Making Matariki a rising star in the Kiwi calendar
For those who complain that New Zealand lacks national events that identify us, there’s an answer staring us in the face at this time of year.
Matariki, a festival that marks the Maori new year, is celebrated when the star cluster Pleiades, also known as the Seven Sisters, rises in the sky during winter.
Now our national museum wants to elevate the traditional Maori festival into one of our most significant annual events.
A 10-day festival called Matariki Rising, which began on Friday, is the first step in a fouryear plan by Te Papa to increase the profile of the festival.
Other than Waitangi Day and Anzac Day, many of our celebrations are based on traditions from other parts of the world, such as Guy Fawkes night, says festival director Charles Royal.
‘‘We think there’s scope and opportunity to elevate Matariki to be an event of national identity. Something that’s unifying and celebratory of everybody.’’
There is a desire to place events on the national calendar that are more in keeping with this part of the world, he says.
‘‘Matariki is very much about what’s going on in Aotearoa New Zealand, and is indigenous in the sense that it’s growing from this soil.’’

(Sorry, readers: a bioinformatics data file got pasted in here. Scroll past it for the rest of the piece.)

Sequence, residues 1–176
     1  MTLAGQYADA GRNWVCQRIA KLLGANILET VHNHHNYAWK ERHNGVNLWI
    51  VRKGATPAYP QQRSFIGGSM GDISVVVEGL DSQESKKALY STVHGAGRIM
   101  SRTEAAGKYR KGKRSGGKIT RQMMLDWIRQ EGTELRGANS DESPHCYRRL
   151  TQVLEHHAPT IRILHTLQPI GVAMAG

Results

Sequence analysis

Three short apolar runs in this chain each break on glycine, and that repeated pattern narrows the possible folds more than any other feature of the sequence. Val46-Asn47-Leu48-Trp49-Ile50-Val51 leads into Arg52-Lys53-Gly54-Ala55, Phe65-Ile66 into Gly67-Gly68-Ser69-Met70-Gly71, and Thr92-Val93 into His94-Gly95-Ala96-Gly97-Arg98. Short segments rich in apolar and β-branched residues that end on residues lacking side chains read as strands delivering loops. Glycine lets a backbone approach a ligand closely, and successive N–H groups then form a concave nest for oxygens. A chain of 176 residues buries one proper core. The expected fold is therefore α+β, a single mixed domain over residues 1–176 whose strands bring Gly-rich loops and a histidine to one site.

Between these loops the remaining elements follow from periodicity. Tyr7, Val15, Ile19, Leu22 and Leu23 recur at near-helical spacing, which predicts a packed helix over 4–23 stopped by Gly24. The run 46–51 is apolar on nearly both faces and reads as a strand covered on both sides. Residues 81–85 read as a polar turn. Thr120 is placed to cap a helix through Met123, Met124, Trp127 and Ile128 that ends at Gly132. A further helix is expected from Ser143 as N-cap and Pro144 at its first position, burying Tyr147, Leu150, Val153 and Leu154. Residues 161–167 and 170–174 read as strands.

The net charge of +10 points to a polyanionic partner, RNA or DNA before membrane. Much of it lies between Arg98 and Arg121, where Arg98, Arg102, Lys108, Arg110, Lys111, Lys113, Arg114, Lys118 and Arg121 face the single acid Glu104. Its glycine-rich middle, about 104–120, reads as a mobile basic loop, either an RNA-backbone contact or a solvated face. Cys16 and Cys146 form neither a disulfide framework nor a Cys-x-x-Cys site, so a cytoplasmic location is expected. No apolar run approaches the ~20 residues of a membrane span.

Raising the profile of the event each year will lead, he hopes, to ‘‘some kind of crescendo in 2020 ... where we hope we can get the event to where we believe it will be’’.
It is a time for renewal, and Matariki Rising begins with a ritual evening to celebrate this. The opening event on Friday featured the lighting of a fire and Maori stories of creation.
Royal says it is an event for people to come together. The public were invited to place small tokens of their loved ones in the fire to honour, farewell and acknowledge them and the year just passed, and to offer gratitude and thoughts for the year to come.
Other events at Te Papa include Nga Kai o Matariki: Celebrating Maori Cuisine, Storytelling for Kids, and Kaumatua Kapa Haka.
In addition, Matariki Rising events are taking place at other venues including Pataka Art + Museum, Mahara Gallery in Waikanae, Dowse Art Museum, Expressions Whirinaki Art and Entertainment Centre, Wellington Museum, and Space Place.
Other Matariki events will take place throughout the region during June and July.
For more information visit matarikirising.com.
Charles Royal, right, the director of Te Papa’s Matariki Rising Festival, says this year is the first in the museum’s four-year plan to raise the profile of Matariki. Left, the constellation.